AUGUSTA (AP) – Democratic legislative leaders said Tuesday there’s no reason why Gov. John Baldacci’s universal health care package can’t be enacted in the few weeks remaining in the session, but Republicans said too many questions need to be answered to rush the bill through this spring.

Majority Democrats set the proposal on the fast track as they announced the formation of a special committee just to review the governor’s plan to ensure health coverage for every Mainer within four years.

The Joint Select Committee on Health Care Reform will include 11 House members and four senators. They represent both parties and were selected from the existing committees on Health and Human Services, Insurance and Financial Services, and Appropriations.

“Some are saying things are moving too fast,” House Speaker Patrick Colwell of Gardiner said as he and Senate President Beverly Daggett of Augusta announced the committee.

But Colwell said the only thing moving too fast were the numbers of uninsured Mainers – now estimated at 180,000 – and of businesses that cannot afford policies to cover their employees.

Senate Majority Leader Sharon Treat, who will sponsor Baldacci’s bill, said universal health care has been studied year after year and the time for action is now.

Statutory adjournment is in mid-June but many lawmakers want the session to end by early June 1.

“I truly believe we can enact this plan this session to provide affordable access to health care to everyone in the state,” said Treat, D-Farmingdale, adding that “I will do everything in my power” to achieve that.

The co-chairs of the new committee, Sen. Michael Brennan, D-Portland, and Rep. Christopher O’Neil, D-Saco, said they too are committed to refining the Democratic governor’s bill and having it ready for legislative review this session.

“Time is a problem but it’s not an excuse,” said Brennan, adding, “No one thought we could pass a budget before April 1 either.”

Republican leaders said Baldacci’s 15-point proposal, which was still in drafting Tuesday, is too complex and raises too many weighty financial questions to rush through in a few weeks.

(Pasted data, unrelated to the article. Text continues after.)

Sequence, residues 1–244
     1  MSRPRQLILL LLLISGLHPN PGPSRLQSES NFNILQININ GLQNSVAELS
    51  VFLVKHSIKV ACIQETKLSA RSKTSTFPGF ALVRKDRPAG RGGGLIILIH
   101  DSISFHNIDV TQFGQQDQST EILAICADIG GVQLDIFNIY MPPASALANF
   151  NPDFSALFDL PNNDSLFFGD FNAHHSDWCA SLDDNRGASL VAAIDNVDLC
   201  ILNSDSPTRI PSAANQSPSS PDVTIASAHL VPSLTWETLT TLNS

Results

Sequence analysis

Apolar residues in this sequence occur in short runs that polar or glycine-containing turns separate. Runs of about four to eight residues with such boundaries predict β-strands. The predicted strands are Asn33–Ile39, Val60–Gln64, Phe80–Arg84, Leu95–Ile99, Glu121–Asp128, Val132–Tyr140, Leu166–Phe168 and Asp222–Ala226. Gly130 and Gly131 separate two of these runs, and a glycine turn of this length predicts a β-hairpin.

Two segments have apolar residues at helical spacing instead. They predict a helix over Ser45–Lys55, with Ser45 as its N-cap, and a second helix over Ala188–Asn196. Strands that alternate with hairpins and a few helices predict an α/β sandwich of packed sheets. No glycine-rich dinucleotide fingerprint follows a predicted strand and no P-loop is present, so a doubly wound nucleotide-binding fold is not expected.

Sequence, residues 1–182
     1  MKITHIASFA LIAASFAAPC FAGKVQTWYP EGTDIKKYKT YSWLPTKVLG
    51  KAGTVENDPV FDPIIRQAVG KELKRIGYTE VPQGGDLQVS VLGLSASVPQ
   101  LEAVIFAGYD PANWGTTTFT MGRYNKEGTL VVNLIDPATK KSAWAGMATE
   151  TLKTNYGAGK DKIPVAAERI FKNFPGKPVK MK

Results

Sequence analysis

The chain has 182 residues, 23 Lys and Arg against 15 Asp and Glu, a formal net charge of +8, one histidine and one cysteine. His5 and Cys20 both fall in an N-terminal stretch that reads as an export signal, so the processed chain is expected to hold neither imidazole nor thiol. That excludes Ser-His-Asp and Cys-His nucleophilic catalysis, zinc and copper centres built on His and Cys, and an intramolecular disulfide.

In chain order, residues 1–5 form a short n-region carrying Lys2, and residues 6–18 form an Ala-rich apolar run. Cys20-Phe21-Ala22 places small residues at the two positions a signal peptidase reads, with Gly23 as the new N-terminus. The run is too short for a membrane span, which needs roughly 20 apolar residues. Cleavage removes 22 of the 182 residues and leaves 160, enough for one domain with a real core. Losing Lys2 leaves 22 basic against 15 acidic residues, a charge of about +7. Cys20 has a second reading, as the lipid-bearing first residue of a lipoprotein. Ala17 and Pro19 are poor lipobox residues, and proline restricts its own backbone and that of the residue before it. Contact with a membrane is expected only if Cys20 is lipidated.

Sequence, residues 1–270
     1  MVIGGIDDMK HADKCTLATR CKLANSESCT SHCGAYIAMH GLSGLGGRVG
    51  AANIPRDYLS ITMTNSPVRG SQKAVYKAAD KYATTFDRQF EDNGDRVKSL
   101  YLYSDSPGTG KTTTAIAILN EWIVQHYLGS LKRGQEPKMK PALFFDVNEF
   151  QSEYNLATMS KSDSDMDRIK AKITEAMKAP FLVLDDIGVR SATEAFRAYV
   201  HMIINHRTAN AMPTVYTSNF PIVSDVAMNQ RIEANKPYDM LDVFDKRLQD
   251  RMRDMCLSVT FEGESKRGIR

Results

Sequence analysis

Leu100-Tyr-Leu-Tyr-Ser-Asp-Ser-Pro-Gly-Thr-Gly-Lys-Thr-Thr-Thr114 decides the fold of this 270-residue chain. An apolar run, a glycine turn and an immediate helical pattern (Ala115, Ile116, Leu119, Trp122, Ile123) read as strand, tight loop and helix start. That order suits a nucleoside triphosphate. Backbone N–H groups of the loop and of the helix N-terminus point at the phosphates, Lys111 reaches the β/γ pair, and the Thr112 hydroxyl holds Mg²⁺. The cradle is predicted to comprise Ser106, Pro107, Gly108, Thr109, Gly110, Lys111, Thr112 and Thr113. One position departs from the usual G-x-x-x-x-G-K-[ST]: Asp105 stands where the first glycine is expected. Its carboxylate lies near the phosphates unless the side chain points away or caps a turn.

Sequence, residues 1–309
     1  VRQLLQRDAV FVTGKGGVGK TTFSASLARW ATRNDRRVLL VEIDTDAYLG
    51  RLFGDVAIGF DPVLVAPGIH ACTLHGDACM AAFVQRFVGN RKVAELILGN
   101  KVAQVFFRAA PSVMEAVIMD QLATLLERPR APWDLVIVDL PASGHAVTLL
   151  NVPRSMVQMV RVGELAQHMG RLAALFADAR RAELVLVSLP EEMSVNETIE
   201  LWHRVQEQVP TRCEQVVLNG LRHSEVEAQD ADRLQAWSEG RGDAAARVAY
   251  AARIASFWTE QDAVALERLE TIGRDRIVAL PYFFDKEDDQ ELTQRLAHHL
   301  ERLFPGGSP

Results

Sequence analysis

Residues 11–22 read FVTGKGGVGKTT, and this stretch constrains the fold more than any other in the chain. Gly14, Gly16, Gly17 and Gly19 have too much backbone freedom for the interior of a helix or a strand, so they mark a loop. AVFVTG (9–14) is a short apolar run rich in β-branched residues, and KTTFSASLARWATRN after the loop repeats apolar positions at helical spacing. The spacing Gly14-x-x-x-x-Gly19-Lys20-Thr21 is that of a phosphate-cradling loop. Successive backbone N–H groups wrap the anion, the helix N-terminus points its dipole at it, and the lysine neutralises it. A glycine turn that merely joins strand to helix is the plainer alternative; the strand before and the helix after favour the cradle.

“I am not willing to take a piece of legislation of this magnitude on faith,” said House Minority Leader Joe Bruno, R-Raymond. He would prefer to see the matter studied in depth and taken up during next year’s session.

Bruno, who is familiar with health issues through his business, said many of the financial assumptions that prop up the bill seem to be overly optimistic. He also took issue with a key portion of the legislation, which seeks to redirect millions of dollars lost to bad debts and charity care for uninsured people to expanded insurance access.

Bruno said he does not view those losses as “a pile of cash,” but rather as unreimbursed services.

Senate Minority Leader Paul Davis agreed that it will be difficult to review the bill in the weeks left.

“I’m not saying it can’t be done, but it would be awfully rushed,” said Davis, R-Sangerville. Davis said he would prefer to have the bill studied by the full membership of all three committees rather than one.

The Maine People’s Alliance, a citizens’ activist group, joined those calling for action before June 1 and planned a news conference in Augusta on Wednesday where supporters will speak.

Anthem Blue Cross and Blue Shield, which has 95 percent of the individual health insurance market in Maine, said it shares Baldacci’s goal of universal health care, but had not had time to review the details of his proposal.


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